A dangerous axeman, probably deranged, remains at large in the Huon Valley nearly 18 months after a vicious attack on an iconic Cygnet resident.

However, as a consequence of a Huon Valley Council mercy killing on Tuesday (January 17), the lurking axeman is no longer in danger of being charged with murder, though a lesser offence of causing serious bodily harm ought to still be on police books.

It is unlikely that the offender will ever be brought to justice because his offence was against not a fellow human but a magnificent peppermint gum (Eucalyptus amygdalina) that, until Tuesday, had stood sentinel at the southern end of Mary Street, Cygnet’s main thoroughfare, for about half a century.

When the ringbarking attack on the tree occurred towards the end of 2009, a petition had started circulating to save the tree. The petition was motivated by a council decision — supported by the mayor, Robert Armstrong, a Cygnet resident — to have the tree felled.

There is no information to suggest that either the owner of the land on which the tree stood, or the council itself, has ever asked the police to try discover who it was that had trespassed on private property and had inflicted such wilful damage on a tree that is said to have been put there by a member of an old Cygnet family.

Events that followed (chronicled in Tasmanian Times in ‘Cygnet, heal thyself’ on December 14, 2010 ( resulted in an unpleasant Town Hall confrontation between a group of shocked and cowed township blow-ins (recent and not-so-recent newcomers) and a band of rowdy locals. The mayor, who had clearly decided he had no conflict of interest, chaired that unhappy meeting, called as a consequence of the hugely popular petition to save the tree, and did nothing to keep it on focus.

By the time of the meeting, it was too late to save the tree: the unknown would-be assassin having already hacked into its life-giving circulation system. That, ironically, appears to have been the ringbarker’s demonstration of his support for his particular old-Cygnet faction that wants to stop newcomers from “changing our town”.

When he realised he had not done a thorough enough job of assuring its death, the mad hacker soon afterwards made another stealthy attack, again under the cover of darkness. And even then the tree valiantly lingered on. On Monday this week, though its foliage was drooping and its limbs were exhausted, it stood on defiantly.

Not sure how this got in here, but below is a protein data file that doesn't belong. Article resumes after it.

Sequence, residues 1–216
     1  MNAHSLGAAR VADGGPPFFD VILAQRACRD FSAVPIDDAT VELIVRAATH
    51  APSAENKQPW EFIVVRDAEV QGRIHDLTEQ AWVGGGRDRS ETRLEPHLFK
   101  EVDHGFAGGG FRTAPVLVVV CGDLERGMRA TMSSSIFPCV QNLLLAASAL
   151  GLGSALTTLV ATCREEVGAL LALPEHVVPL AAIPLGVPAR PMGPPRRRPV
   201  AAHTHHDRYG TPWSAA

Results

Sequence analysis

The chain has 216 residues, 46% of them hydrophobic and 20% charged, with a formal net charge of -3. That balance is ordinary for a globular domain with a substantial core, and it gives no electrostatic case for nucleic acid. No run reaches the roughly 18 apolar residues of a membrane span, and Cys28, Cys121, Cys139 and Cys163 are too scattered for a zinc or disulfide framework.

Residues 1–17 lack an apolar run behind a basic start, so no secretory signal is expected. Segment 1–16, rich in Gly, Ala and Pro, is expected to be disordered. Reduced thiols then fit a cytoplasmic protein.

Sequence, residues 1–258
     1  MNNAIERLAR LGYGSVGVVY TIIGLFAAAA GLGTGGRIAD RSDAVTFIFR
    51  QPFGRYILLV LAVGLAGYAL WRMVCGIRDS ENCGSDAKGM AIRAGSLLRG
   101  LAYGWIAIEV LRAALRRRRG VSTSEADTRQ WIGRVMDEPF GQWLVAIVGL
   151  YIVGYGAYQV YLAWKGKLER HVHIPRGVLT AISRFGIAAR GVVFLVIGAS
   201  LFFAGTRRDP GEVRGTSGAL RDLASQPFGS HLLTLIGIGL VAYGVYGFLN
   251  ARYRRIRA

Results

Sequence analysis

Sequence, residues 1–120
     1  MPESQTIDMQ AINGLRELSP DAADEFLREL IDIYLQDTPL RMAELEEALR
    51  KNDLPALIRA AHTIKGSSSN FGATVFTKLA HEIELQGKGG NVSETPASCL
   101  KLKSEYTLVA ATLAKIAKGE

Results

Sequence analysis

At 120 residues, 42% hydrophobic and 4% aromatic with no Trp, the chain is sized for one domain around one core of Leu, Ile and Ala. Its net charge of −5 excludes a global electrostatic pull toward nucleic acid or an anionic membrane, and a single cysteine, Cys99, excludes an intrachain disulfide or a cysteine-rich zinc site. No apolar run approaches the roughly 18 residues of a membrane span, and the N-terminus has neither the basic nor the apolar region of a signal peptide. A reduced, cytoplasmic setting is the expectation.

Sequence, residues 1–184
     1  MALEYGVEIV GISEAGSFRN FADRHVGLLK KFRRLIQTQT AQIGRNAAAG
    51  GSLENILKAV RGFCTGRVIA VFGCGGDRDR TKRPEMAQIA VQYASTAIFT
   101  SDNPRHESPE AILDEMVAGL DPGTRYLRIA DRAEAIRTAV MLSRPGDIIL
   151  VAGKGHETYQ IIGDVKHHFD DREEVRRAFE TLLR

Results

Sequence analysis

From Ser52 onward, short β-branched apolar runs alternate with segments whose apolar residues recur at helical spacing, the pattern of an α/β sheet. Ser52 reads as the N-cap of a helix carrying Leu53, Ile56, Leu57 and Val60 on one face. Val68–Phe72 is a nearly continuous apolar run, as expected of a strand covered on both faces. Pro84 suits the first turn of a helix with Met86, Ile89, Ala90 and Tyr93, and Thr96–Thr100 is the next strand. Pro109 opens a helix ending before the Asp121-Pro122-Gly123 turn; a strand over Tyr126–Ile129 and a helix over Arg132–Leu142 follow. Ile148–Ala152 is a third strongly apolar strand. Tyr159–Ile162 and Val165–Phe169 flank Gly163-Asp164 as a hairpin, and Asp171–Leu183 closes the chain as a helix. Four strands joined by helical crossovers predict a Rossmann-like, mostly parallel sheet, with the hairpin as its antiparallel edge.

Early Tuesday morning, council contractors turned up and put it out of its agony.

Greens Councillor Liz Smith said on Tuesday she had asked council staff to consider saving a couple of, say, three-metre lengths of the trunk for possible use as furniture for the “public open space” (POS) that is to be developed on the site. The area for POS is a consequence of a condition of the subdivision that now scars acres of land stretching up the hill from the new roundabout at the junction of Mary and Charlton streets. (Our picture suggests that this request seems to have been noted.)

Pat Synge, who led the campaign to save the tree — and was thwarted in his suggestion that, when it was apparent that because of its damaged state it would have to go, five metres of its trunk should be kept for a local chainsaw sculptor to create a suitable symbol for Cygnet’s reason for being — wrote to council on Tuesday to mark the tree’s passing.

In his letter, addressed to Manager Community Services Marcia Waller, General Manager Glen Doyle, councillors and members of the Cygnet Township Committee, Synge wrote:

“Since it (the tree) could not be saved after the vandalism it will be good that it is gone since it serves as a daily reminder of the small-mindedness of some members of our community. Standing there in the open space next to the roundabout we can now clearly see how magnificent it would have looked had it been retained in good health. I was told by council staff when plans were first being drawn up for this area that this tree ‘was on the footprint of the roundabout’. This is the kind of blatant misinformation that leads to mistrust of council. The subsequent divisive wrangle that we then endured was entirely of HVC’s making since it stemmed from a lack of honest and open prior consultation . . .”